LONDON – The report of the incident involving a SAS ATR-72 (OY-JZC) on a domestic route in Norway has been published by Statens Havarikomisjon (SHK), the Norwegian accident investigation board. The icing-incident made the airline terminate Norway’s domestic- routes with the aircraft.

Flight SK4144 was operated by the Danish airline Jet Time AS on behalf of SAS, on November 14, 2016, en route from Bergen to Ålesund, west of Førde Airport Bringeland, when control of the aircraft was temporarily lost in severe icing.

It banked uncontrollably and lost considerable altitude. The crew regained control of the aircraft and left the area where the icing had occurred.

“This and two other serious icing incidents involving the ATR 72-212A illustrate the importance of monitoring airspeed and climb in order to operate the aircraft within its defined performance limitations,” writes SHK in the report.

Moderate icing had been forecasted along the route. As SAS4144 climbed through FL137, south of Sognefjord, the crew observed that they had encountered “severe icing.”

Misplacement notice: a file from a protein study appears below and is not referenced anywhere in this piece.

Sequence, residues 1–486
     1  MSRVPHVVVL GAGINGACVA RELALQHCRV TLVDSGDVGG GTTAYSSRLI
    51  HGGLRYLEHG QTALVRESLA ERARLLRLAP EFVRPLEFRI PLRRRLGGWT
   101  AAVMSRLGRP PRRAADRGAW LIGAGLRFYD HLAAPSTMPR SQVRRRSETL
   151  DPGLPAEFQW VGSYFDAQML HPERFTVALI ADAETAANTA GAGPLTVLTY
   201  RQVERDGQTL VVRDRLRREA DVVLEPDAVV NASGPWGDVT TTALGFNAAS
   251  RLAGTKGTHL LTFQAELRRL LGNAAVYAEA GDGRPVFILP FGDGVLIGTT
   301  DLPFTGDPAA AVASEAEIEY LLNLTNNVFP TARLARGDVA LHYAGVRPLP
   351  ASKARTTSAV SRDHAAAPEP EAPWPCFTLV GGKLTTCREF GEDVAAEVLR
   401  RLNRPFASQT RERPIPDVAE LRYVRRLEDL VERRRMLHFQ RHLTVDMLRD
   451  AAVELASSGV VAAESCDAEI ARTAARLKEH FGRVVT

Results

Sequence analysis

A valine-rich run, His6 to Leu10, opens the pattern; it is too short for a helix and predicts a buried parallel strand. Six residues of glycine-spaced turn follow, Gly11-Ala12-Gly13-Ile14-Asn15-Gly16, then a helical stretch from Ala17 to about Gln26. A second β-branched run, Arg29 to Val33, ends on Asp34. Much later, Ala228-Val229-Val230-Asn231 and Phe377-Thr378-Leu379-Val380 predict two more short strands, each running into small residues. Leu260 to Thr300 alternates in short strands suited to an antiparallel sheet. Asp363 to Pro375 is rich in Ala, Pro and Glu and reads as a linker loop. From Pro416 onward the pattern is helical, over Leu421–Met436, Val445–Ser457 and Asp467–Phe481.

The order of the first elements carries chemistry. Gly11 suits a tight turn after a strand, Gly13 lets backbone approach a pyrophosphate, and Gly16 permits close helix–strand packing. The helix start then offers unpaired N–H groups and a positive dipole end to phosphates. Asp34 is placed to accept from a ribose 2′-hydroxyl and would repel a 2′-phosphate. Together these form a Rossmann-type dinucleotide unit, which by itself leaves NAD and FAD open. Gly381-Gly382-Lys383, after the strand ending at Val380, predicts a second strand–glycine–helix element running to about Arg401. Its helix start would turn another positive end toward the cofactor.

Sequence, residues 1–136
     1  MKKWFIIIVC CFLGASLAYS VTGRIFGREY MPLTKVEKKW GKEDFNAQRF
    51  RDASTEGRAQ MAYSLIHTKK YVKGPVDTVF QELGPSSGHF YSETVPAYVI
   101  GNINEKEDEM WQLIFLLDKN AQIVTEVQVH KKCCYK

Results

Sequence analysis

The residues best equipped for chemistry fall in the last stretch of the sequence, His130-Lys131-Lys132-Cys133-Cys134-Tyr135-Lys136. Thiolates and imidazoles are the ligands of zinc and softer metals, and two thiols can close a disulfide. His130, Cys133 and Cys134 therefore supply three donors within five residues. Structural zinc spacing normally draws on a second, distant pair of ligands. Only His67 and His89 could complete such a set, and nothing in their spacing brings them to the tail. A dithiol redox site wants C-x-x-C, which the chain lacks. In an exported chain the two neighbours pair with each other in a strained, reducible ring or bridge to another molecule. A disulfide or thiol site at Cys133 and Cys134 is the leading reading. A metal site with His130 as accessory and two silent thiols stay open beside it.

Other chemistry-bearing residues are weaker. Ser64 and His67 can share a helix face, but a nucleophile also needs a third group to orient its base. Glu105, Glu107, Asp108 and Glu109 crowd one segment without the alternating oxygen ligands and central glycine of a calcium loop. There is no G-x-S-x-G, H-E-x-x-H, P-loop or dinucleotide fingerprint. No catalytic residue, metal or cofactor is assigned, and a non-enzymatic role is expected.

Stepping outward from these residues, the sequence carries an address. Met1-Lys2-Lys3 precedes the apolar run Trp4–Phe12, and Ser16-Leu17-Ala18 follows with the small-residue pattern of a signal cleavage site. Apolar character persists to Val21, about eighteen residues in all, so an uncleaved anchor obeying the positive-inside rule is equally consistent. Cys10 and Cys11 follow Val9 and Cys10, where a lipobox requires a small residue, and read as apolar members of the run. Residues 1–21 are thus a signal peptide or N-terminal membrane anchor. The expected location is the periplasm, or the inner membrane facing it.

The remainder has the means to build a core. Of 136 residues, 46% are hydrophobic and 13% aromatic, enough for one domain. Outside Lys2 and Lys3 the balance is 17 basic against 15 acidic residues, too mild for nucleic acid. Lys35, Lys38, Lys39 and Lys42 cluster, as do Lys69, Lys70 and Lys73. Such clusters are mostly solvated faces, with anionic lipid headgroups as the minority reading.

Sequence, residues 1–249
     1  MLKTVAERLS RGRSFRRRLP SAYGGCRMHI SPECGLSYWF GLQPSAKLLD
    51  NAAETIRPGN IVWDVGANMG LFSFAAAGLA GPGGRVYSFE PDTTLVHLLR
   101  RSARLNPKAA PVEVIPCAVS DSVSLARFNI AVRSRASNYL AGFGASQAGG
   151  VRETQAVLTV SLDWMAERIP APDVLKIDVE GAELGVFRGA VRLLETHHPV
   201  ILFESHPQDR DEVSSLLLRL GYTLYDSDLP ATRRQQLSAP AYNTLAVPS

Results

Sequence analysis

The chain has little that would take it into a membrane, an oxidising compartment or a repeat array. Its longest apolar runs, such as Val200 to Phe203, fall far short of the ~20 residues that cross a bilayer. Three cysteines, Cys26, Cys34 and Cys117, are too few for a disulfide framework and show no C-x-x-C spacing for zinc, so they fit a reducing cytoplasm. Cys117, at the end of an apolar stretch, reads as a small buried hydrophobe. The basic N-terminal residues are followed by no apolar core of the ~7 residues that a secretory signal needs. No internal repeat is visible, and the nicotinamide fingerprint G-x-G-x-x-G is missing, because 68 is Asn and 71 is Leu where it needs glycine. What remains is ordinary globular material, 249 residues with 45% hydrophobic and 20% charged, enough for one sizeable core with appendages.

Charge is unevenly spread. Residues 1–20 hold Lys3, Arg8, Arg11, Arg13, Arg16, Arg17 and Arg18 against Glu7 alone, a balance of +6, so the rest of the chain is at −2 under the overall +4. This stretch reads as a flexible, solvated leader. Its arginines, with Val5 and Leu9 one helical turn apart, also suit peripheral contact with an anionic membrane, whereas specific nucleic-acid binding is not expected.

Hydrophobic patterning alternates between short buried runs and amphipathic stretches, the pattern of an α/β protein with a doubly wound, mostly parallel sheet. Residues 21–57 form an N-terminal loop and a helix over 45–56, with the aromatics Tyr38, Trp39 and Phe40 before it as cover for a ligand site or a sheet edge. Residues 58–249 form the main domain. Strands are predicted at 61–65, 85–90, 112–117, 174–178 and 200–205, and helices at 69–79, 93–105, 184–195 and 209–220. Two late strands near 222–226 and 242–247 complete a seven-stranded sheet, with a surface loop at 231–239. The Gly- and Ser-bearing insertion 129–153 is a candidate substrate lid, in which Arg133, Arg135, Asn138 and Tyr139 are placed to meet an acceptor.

ATR-72 aircraft model. Photo: Wiki Commons

The Crew’s Response

Just before the loss of control, the airplane climb performance had decreased significantly. The crew, therefore, decided to divert towards the coast in order to avoid icing conditions and the mountainous terrain inside the coastline.

However, their decision proved to be too late. The control loss occurred during the turn towards the coast. It appeared suddenly to the crew, whose initial reaction was not optimal.

“AIBN is of the opinion that the crew became startled as they did not disengage the autopilot.” 

The crew have later expressed that they were expecting to exit the icing conditions sooner by climbing above the clouds. The clouds containing icing conditions did, however, go much higher than they realized. As AIBN sees it, this could explain why the decision to divert was made too late to avoid the control loss.

The inquiry says the loss of control resulted from “insufficient planning” and “inappropriate decisions” en route, particularly the attempt to climb with degraded aircraft performance.

It states that the pilots “did not make optimal use” of the 10min spent in icing conditions before the upset, believing they would climb out of the icing above 14,000ft. That they chose to level off at 15,000ft but not change course indicates that they “still did not fully understand how serious the situation had, in fact, become.”

None of the 40 occupants was injured and the aircraft was undamaged.

Screenshot is taken from the animation of the control loss.

Wet Lease Focus

The accident board has also reviewed the incident involving SAS4144 with a focus on possible contributing factors that may be directly related to wet lease, foreign operators unfamiliar with Norwegian conditions.

You can read the full report here.

Featured image: SAS Jet Time ATR-72. Photo: Wiki Commons